The Athens Administrative Court of Appeal temporary suspended the asylum granted to one of the 8 Turkish soldiers who had fled to Greece with a Black Hawk helicopter after the failed coup in Turkey in July 2016. The court accepted the request submitted by Migration Minister Yannis Mouzalas to annul the granted asylum last week, a day after the asylum was granted.
In its decision the Court stated that the minister’s request was accepted “for reasons of public interest, but also for the interest of the officer himself.”One of the conditions for the temporary suspension of the asylum is that the state will not take any action to have the officer outside the country, i.e. extradite him to Turkey.
The court will meet to decide on Mouzalas’ request on 15. February. In his petition the Minister had stated that granting asylum to the Turkish soldiers was harming the good relations between the two countries and therefore against “the public interest.”
On December 29th, the 3rd Independent Second Asylum Committee issued an asylum decision for the Turkish military and co-pilot of the helicopter, judging that according to Amnesty International, international conventions, the European Council and other international organizations, the situation in Turkey is unacceptable in terms of human rights after the failed coup. Beginning of 2017, Greece’s top court Areios Pagos had rejected Ankara’s request for extradition of the 8 Turkish soldiers. The issue has triggered tensions between the two neighboring countries.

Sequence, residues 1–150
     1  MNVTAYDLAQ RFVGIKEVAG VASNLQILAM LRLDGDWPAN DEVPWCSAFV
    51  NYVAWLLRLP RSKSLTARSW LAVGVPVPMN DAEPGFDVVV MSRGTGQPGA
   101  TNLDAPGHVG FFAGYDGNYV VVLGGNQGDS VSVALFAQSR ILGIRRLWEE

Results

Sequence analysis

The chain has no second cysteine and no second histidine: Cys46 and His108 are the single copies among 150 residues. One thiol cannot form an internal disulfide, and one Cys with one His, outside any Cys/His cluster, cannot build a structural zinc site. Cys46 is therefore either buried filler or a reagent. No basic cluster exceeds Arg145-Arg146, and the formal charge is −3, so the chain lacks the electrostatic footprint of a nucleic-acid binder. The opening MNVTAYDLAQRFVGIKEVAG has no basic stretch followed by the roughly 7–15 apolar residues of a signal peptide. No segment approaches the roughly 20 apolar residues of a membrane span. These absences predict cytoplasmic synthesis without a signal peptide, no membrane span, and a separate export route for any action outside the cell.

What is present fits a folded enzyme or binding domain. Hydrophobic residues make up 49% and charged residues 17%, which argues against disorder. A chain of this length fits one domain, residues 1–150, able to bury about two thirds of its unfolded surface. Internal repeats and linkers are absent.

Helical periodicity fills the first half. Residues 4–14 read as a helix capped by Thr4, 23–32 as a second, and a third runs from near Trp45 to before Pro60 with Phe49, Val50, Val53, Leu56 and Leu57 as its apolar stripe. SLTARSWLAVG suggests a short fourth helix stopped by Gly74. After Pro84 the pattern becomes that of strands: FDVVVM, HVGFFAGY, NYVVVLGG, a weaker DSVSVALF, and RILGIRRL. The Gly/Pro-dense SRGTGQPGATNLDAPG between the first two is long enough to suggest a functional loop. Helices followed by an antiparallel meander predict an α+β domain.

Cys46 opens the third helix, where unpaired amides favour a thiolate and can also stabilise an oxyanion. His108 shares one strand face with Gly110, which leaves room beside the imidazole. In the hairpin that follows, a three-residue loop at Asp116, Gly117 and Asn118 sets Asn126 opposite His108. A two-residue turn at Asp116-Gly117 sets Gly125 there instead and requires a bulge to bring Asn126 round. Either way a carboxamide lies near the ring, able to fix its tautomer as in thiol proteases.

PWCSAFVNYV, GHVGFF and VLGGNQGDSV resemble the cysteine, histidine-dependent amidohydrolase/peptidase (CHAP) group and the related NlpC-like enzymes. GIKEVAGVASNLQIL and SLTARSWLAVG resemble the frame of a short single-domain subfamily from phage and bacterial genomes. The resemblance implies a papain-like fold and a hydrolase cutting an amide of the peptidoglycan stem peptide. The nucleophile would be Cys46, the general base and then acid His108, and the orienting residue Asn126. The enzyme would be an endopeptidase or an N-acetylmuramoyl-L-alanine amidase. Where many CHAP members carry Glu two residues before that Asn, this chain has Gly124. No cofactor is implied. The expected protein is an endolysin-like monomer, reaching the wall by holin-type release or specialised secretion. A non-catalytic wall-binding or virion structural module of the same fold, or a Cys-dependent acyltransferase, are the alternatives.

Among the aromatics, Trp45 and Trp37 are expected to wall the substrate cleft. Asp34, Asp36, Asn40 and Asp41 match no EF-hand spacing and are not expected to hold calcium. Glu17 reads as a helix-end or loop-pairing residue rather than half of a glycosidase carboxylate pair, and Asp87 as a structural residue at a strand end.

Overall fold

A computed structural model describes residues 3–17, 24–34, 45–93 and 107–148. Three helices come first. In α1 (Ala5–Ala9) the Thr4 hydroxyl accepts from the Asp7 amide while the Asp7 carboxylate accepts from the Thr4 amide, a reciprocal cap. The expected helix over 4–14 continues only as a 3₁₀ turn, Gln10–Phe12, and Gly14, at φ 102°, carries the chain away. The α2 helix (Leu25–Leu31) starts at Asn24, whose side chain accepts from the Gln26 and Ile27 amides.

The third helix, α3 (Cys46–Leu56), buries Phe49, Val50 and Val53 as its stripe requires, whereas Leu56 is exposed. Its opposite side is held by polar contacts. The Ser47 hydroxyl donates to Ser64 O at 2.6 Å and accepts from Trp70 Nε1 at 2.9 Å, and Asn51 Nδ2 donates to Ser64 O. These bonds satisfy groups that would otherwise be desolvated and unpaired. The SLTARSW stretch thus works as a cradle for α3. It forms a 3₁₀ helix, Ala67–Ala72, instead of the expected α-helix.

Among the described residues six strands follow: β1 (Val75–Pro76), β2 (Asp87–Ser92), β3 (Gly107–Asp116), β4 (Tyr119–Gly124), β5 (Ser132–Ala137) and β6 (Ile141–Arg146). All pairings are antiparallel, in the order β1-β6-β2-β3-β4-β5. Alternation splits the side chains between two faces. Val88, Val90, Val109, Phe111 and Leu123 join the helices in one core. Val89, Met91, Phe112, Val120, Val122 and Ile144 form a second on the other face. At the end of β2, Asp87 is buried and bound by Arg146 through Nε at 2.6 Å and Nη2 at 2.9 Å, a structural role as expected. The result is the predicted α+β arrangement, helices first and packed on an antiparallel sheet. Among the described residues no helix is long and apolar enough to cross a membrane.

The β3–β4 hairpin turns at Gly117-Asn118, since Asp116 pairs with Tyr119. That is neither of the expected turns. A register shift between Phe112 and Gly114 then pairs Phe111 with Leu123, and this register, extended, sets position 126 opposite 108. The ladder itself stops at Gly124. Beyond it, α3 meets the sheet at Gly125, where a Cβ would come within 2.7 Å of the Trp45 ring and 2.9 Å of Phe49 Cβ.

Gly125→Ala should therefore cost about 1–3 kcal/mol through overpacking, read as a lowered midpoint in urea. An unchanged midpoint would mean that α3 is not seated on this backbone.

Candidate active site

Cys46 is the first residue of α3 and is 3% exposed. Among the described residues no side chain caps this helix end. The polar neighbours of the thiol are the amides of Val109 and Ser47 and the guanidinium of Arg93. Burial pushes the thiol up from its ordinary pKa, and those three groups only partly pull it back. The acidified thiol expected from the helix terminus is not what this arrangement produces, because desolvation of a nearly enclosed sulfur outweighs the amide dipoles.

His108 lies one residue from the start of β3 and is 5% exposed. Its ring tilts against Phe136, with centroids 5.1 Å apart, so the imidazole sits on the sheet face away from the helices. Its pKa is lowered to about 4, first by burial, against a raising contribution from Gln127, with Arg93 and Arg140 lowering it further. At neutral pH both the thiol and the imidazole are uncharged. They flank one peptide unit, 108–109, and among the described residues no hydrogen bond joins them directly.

An hour after the granted asylum, the officer was released from the police station of the Olympic Village in Athens where he was in detention together with this colleagues awaiting the decision for their asylum requests.
After the temporary suspension, the Turkish officer was detained and taken first to the Asylum Service where he filed a new application. From there he was taken to Alien Department of the Greek Police, a bit later back to the police station in the Olympic Village.
The court reportedly ruled that the officer should be free until 15. February.
So why was he detained? It is reportedly an “administrative” detention and it will be the director of the O.V. police station who will decide whether he will be freed or remain in detention together with his colleagues.
Under “administrative” detention KTG understands that it is due to the fact that he has illegally entered Greece and his granted asylum has been suspended therefore the man’s status is currently trapped into the gaps of Law.
Last week, Athens offered to Turkey to have the soldiers tried in Greece. So far, no respond came from Ankara.
Government officials also last week reiterated that the question of the soldiers’ extradition to Turkey is off the table.
If extradition is definitely off the table while Ankara insists on it, the issue is expected to be extended like an elastic rubber band to eternity as the Greek state will keep having the courts decide and every time apply to the country’s minor and top courts.
And the 8 Turkish soldiers will find themselves in a time warp, featured in their own Groundhog Day.